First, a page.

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PLC of Maine issues statement on bankruptcy and shutdown announcements at Lincoln and Old Town paper mills

AUGUSTA – The Professional Logging Contractors (PLC) of Maine issued a statement of support today for the workers and communities affected by the bankruptcy and shutdown announcements this week at paper mills in Lincoln and Old Town, which will affect more than 2,500 jobs directly related to the logging industry throughout Maine.

“Our members are very supportive of our paper mill partners and without their business logging in Maine as a viable profession would in many cases cease to exist,” said Dana Doran, Executive Director of the PLC. “While this latest news is another challenge for Maine’s evolving pulp and paper industry, the PLC and loggers across the state will do all we can to help and make the best of  a tough situation.”

Expera Specialty Solutions of Kaukauna, Wisconsin, which acquired the assets of the former Old Town Fuel and Fiber pulp mill last year, announced today the mill will be shut down by the end of this year. The shutdown and closure affects 195 workers at the Expera Old Town LLC facility, which provided pulp for the parent company’s mills in Wisconsin.

That announcement came one day after Lincoln Paper and Tissue LLC filed for Chapter 11 bankruptcy protection. The mill, which employs 179 workers at the Lincoln facility, will be auctioned, leaving its future uncertain.

Those announcements came on the heels of a Verso Paper Corp. announcement in late August that Verso plans to lay off 300 people at its mill in Jay at the end of this year or in early 2016, shutting down its No. 1 pulp dryer and No. 2 paper machine, and reducing its coated paper capacity by about 23 percent.

“With the news at Verso, Lincoln and now Old Town, there will be a major decrease in the demand for fiber statewide,” Doran said. “This will decrease the price for fiber and reduce the marketplace for suppliers.”

Maine has traditionally been a net importer of fiber from outside sources, including Quebec, New Brunswick, New Hampshire, Vermont, and Massachusetts, Doran noted, adding the long-term health of the logging and paper industries in Maine would be better served by greater use of local fiber.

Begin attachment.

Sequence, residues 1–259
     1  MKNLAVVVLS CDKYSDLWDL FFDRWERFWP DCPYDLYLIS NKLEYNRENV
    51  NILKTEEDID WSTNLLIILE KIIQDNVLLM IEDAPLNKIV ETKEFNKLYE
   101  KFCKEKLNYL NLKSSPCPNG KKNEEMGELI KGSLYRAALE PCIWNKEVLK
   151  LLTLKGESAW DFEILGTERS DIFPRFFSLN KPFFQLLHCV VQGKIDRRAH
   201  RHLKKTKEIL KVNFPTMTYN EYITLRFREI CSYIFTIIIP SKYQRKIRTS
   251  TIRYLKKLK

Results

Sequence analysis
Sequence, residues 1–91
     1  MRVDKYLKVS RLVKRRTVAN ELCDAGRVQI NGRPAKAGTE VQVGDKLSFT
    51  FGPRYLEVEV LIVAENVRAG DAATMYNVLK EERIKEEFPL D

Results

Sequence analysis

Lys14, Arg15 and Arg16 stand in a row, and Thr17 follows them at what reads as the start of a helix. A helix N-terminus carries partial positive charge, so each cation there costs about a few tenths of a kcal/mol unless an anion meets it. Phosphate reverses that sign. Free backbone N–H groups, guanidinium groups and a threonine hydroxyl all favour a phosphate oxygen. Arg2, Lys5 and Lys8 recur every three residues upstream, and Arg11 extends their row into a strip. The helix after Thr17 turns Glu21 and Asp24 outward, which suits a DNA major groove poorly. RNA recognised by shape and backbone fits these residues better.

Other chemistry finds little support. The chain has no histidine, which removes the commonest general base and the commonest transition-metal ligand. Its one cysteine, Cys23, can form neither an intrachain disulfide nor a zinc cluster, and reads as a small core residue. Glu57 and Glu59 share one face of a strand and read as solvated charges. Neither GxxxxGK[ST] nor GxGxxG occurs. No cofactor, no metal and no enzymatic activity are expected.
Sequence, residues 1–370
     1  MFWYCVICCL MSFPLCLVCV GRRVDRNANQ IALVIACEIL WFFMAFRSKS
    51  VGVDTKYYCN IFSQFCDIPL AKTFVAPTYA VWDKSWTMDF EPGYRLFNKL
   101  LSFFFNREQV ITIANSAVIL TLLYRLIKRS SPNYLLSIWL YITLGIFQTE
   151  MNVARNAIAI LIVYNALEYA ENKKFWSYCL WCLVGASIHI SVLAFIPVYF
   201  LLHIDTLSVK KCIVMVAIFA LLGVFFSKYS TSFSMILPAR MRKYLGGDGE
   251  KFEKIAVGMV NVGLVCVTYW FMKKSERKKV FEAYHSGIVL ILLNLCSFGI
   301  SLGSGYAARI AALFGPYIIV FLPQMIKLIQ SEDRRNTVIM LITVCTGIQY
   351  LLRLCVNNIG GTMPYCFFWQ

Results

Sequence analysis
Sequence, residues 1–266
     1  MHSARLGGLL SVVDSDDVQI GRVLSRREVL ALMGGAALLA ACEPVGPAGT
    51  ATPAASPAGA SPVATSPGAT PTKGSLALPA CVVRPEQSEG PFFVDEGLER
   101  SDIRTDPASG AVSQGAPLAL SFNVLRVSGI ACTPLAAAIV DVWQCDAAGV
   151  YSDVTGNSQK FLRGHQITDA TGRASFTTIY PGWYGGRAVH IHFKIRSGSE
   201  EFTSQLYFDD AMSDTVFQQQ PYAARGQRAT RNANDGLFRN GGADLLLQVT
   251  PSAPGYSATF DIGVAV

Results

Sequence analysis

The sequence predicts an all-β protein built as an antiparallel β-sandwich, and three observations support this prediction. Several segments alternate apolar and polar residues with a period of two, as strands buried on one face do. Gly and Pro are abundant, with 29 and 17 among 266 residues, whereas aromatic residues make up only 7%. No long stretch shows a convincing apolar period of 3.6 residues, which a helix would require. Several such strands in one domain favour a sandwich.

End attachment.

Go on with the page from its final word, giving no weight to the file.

“It is time for the remaining Maine mills to circle the wagons with suppliers and other partners to ensure the strength of our industry for the long term. Maine suppliers and Maine mills should work together to ensure that the fiber that is consumed comes from Maine loggers and Maine landowners so that the circle protects all Mainers and our pulp and paper mills for the long term,” Doran said.

In the coming weeks the PLC will be working with its members, paper mill partners, and local legislators to seek solutions to the challenges facing the pulp and paper industry in Maine and the loggers who supply roundwood, clean chips, and biomass to local mills.

Maine’s loggers are a vital part of the state’s forest products sector, which is worth an estimated $8 billion annually.

The PLC of Maine was formed in 1995 to give independent logging contractors and sole proprietors a voice in a rapidly changing forest industry. A Board of Directors made up entirely of loggers makes the PLC the only logging organization in Maine run by loggers for loggers. The mission of the PLC is to promote logging as a profession, advocate for logging professionals, cultivate responsible forest management, and sustain a strong forest products industry.